Lupin the 3rd (TV)

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Trivia:

Charlie Kosei, who performed the opening and ending themes for the first Lupin III TV series, appeared on the soundtrack to the PS2 game "Katamari Damacy." He was the vocalist in the song "Que Sera Sera."

Originally cancelled due to weak ratings, it gained popularity through re-runs.

Lupin does not wear his pink Jacket in any of the specials after Kanichi KURITA took over the voice of Lupin III. Lupin wears the green jacket only in "The return of Pycal" and the red jacket in all the other specials. 

This was formally the shortest Lupin TV anime series of all time. Until "A Woman Named Fujiko Mine" broke it's record by 10 episodes.

This TV series wasn't officially released in America until 40 years after it was first released in Japan.

The first anime TV series to have adult sensibility theme.

The producers wanted the series to be retool to a different audience but Osumi refused the request. By the time episode 3 aired, Osumi was removed from the production of the show. Hayao Miyazaki and Isao Takahata were brought in to replace Osumi. The emphasis of the show was also changed to a more humorous, cartoon-style flavor. Despite these changes, the series ended after only 23 episodes.

The only Lupin anime to feature Chikao Ohtsuka & Yukiko Nikaido as the voices of Goemon Ishikawa & Fujiko Mine respectively.

This was originally intended to be a 26 episode TV series.

The first Lupin III TV series to be released entirely on DVD in America.

Clips of the Pilot Film from 1969 were recycled for the opening of the TV series.

Episode 7 was the only episode to not have a director credited. This was due to the transition of Ohsumi's direction on the series to Miyazaki & Takahata's direction.

Ohsumi's last full control on the series was episode 9.

Yasuo Ohtsuka & Ohsumi were the only staff members from the 1969 Pilot Film to be involved with the TV series.

Several color manga episode conversions were made of this entire TV series. Each book contain two episodes and because this TV series was only 23 episodes long, one episode had to be excluded. Which was episode 22.

In the episode 17 raw script, Lupin calls the mint the Ministry of Economy Printing Bureau, Daito(or Big Eastern) Factory. The factory itself doesn't exsist in real life. Back in the 70s actual bank bills used to be printed by the Ministry of Fiance's Minting Bureau at an unspecified factory possibly to avoid being a target for criminals. The ministries were probably renamed for this episode just to make it sound legitimate. Today bank bills are issued by the Incorporated Administrative Agency, Japan Mint.

In the original manga story that inspired episode 13, Mamoh seek revenge for the death of his father by the Lupin family.

The only Lupin III TV anime to not feature Kenichi Ogata.

Yasuo Yamada's & Goro Naya's debut as the voices of Lupin & Zenigata respectively.

Chikao Ohtsuka, Eiko Masuyama, Goro Naya, Kiyoshi Kobayashi, & Osamu KOBAYASHI are the only voice actors who have originated from the 1969 pilot film.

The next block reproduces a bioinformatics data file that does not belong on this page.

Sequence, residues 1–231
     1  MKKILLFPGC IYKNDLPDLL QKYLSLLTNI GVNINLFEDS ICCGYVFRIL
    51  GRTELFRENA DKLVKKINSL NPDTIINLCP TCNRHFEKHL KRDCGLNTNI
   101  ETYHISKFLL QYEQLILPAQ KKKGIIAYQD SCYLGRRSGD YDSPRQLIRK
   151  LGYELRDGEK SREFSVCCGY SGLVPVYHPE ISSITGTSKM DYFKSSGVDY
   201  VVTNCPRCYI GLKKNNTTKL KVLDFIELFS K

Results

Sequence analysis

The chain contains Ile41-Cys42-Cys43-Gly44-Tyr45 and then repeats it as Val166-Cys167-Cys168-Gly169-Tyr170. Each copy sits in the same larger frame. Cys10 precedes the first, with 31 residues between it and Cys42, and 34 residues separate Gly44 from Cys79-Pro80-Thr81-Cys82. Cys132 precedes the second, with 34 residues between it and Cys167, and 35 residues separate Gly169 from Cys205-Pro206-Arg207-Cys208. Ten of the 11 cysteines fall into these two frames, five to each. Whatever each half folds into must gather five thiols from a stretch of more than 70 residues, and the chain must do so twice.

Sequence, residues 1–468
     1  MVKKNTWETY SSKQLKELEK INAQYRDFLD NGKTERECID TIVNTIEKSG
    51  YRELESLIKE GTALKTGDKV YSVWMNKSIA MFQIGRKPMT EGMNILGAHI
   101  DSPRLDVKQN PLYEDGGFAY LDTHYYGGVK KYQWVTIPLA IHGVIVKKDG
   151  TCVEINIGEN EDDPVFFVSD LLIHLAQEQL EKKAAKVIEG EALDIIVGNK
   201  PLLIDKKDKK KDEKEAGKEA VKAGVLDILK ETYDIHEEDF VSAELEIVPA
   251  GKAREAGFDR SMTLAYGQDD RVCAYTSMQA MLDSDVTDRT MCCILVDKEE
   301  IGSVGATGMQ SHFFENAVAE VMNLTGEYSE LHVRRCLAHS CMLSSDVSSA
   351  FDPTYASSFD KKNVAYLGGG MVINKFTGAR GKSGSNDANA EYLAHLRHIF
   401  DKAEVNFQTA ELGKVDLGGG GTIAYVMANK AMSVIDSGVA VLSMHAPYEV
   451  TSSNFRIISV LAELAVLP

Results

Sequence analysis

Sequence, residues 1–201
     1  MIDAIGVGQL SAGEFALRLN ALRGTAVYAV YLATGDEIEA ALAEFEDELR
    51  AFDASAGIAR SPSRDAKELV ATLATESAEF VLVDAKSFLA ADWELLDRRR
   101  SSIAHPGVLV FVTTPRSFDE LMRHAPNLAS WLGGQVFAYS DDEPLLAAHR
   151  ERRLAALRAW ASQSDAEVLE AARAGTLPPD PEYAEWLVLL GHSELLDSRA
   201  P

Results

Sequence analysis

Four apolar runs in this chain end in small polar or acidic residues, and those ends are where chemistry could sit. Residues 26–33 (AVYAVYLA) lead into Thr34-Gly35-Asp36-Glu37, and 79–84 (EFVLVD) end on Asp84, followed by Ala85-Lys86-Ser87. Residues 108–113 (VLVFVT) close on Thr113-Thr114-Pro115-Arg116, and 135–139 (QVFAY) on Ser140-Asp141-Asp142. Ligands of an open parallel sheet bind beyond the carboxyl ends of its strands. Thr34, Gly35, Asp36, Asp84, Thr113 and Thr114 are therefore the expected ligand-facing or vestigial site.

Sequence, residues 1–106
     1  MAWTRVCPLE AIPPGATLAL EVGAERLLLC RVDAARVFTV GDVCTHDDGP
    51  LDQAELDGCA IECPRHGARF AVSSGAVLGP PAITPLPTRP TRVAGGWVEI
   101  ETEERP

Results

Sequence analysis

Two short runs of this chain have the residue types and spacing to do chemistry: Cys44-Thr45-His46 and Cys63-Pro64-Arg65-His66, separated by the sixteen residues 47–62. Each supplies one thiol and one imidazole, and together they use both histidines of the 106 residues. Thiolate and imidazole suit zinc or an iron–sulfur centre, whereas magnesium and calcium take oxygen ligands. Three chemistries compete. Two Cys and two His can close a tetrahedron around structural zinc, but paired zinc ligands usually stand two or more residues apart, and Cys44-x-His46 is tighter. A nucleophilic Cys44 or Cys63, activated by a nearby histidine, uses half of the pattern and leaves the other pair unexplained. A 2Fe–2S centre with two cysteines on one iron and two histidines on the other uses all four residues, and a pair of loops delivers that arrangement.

The car that Zenigata used in episodes 11, 16-19, & 21-23 as well as the third opening is a Bluebird.

The car Lupin, Jigen, Goemon & Fujiko used in the third opening is an Alfa Romeo Giulia.

The vehicles featured in the first & second opening are a Mercedes-Benz SSk & a Cadillac Eldorado. While a Piper PA-22-135 appears in the second opening.

At age 43, Chikao Ohtsuka was the oldest actor to have voice Goemon.

The only Lupin III TV series to take place entirely in the country of Japan.

In episode 1 marks the only time in any Lupin III related anime where Lupin tried to fool Zenigata by pretending that Jigen is a stranger(without a disguise).

The Hida Speedway in episode 1 is possibly modeled after the Fuji Speedway. It was built during the 1960's but didn't host a proper F1 race until the year 1976.

In episode 1, the original manga story that inspired the plot featured typical F1 race cars of the era. By the time this episode got made inverted airfoils designed to increase downward force & improve traction had become a standard in F1 vehicles.

In episode 1 Lupin targetted the Scorpion gang for his heist, in the original manga it was a bank.

In episode 1, the vehicle shown are a Ferrari 312B, TS7, Tyrrell Ford, McLaren, Matra Simca, Lotus 72, Brabham BT34, Mercedes Benz, & a Renault Alpine A110.

In episode 1, Scorpion uses a Schmeisser MP40.

In episode 2, when Lupin commits that Pycal's name sounded like something to get drunk from. He is making a reference to Baiju a Chinese Liquor where it's regional name is Paikaru which is how Pycal's name is spelled in Japanese.

In episode 2, the plot that was inspired by the manga story differs with these key elements. Instead of Fujiko it was an un-named woman whose brother was killed by Pycal and serves as a damsel for the story. Instead of the waterfall climax, Pycal is ablazed and lurkes out of the house into a distance.

In episode 2, the machine gun Lupin introduces to Pycal is a Browning Model 1917 not a Stoner 63 HM6 as he addressed it. Lupin also uses a M20 Super Bazooka which he incorrectly called it a Redeye.

In episode 2, the vehicles shown are a Cessna, Messerschmitt, & a Cadillac Eldorado.

In episode 2, Pycal's weapon is a Beretta M1934.